Aubrey Trail

Aubrey Trail on the final day of his jury trial in Saline County District Court.

A three-judge panel will decide the fate of Aubrey Trail, found guilty in the November 2017 death of Sydney Loofe, as heard in Saline County District Court July 11. Trail waived his right to a jury hearing after being found guilty of first-degree murder and conspiracy to kill on July 10.

The jury was set to determine if certain evidence was justifiable enough for Trail to receive the death penalty as his sentence, for which state prosecutors had previously called. The jury has been officially excused from its duties. Now the panel will make the decision at a later date. Saline County Judge Vicky Johnson, who presided over the case, will be one of the judges.

Trail's lawyers, Joe and Ben Murray of Hebron, spoke with the media following the hearing outside the courthouse in Wilber.

"Obviously we are disappointed with the verdict," Joe Murray said. "But Trail seems to be accepting of it."

The verdict came a little before three hours of deliberation from the jury on July 10. Trail sat emotionless as it was read, and Loofe's family began to cry. The Loofe family said they will not comment until after Bailey Boswell, Trail's alleged conspirator in the murder, has her trial in October.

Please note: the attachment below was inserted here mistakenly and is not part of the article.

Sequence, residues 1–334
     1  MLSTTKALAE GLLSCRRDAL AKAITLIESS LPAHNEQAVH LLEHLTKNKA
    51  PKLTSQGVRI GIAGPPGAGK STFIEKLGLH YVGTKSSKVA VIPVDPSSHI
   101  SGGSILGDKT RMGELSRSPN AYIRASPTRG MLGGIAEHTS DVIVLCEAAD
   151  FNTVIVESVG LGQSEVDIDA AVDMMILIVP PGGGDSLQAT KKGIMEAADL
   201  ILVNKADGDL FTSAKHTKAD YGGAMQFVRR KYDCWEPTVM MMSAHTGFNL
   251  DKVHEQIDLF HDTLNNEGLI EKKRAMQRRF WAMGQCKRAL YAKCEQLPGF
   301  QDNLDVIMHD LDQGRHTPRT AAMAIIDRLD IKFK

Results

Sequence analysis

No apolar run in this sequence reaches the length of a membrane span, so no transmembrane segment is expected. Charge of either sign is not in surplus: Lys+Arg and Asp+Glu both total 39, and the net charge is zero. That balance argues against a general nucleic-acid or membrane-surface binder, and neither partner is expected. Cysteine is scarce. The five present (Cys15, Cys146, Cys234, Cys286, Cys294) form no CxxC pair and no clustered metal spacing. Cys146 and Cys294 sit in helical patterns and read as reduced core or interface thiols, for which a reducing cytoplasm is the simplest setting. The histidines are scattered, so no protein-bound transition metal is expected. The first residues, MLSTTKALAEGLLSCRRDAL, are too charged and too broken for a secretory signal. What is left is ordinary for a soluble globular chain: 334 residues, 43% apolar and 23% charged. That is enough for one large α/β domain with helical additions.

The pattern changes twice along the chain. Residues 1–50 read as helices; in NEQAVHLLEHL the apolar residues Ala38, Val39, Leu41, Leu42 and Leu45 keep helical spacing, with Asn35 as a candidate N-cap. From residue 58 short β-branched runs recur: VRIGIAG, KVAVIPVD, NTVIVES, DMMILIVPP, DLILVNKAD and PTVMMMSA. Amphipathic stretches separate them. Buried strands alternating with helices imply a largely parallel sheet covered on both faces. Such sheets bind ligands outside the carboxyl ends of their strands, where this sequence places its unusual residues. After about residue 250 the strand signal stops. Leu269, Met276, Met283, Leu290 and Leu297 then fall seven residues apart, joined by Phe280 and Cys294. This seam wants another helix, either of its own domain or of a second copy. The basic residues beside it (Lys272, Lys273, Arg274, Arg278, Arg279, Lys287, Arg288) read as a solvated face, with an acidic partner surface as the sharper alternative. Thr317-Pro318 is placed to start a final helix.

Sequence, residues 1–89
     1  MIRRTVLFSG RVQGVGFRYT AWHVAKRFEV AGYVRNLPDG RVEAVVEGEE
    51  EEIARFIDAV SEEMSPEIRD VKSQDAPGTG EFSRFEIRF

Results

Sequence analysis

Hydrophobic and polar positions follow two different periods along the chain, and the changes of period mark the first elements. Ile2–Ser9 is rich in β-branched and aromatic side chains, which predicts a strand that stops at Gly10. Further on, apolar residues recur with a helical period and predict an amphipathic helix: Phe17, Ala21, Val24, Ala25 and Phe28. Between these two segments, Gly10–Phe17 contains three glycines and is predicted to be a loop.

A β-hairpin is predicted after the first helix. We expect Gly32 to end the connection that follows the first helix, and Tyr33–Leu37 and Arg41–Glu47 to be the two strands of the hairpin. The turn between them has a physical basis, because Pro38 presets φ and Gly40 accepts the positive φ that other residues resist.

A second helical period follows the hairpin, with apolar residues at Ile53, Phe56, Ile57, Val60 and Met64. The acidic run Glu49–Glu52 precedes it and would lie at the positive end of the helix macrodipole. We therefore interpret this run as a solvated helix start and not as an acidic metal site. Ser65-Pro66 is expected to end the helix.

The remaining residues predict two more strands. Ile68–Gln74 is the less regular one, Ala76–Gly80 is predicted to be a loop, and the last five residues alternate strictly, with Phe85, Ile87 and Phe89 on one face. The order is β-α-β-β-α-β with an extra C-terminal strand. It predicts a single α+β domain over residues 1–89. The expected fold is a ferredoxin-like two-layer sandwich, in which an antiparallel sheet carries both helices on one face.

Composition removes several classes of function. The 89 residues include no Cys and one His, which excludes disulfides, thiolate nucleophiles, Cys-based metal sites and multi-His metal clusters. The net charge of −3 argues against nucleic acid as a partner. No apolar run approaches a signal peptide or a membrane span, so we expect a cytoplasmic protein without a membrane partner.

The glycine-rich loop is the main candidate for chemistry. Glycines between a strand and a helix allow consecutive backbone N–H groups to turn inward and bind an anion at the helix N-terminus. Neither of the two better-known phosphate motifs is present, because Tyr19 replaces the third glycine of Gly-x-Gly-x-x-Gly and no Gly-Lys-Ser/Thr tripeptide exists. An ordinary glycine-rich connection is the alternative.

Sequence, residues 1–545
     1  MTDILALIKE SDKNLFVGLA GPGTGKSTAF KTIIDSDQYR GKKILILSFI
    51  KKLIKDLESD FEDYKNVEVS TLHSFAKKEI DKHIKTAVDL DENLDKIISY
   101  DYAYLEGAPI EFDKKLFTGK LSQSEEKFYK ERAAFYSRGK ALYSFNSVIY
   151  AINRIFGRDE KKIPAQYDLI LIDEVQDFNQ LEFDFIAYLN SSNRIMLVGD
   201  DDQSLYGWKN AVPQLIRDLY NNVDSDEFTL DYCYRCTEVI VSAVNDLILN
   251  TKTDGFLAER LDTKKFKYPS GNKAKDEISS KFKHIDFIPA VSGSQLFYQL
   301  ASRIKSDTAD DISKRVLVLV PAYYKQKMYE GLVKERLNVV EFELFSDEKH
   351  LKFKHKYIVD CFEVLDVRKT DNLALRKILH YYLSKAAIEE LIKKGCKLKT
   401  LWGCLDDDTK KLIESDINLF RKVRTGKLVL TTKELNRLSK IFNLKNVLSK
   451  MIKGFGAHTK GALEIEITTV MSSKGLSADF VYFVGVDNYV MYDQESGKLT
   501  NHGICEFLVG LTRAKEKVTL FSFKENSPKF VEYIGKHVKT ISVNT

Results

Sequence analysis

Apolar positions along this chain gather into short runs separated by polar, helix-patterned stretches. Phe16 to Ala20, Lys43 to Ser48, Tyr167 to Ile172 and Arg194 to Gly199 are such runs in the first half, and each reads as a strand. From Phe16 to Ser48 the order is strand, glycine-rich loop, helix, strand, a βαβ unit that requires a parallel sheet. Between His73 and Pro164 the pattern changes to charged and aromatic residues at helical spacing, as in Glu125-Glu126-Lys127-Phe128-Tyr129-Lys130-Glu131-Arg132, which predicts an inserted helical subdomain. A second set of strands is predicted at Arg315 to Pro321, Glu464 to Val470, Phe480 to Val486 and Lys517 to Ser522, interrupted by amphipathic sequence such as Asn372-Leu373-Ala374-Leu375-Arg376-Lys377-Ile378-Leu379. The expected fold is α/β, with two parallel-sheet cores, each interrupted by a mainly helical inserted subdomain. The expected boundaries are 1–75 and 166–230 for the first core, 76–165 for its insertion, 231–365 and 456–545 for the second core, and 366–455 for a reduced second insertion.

"His goal in the whole thing was making it clear that Bailey had nothing to do with it," Ben Murray said.

Both attorneys shared details on Trail's mindset during the trial and what exactly he slashed his throat with in court on June 24. According to Ben Murray, it was a razor blade wrapped up in a bandage.

Trail never gave an exact reason why he did it. They said that was one reason why they were not confident in a not guilty verdict.

"Once his throat was slashed, that's when we kind of knew," Ben said. "I was worried about what kind of impression that would have on the jury." 

If the panel does not find any aggravators in the case, Trail will face life imprisonment instead of the death penalty. Coming to this conclusion could take months, according to both attorneys, as they have to refile motions and have litigation evidence reviewed.

"I think we did the best anyone could do for this man," Ben said. "We wanted a different outcome but we are glad it's over."

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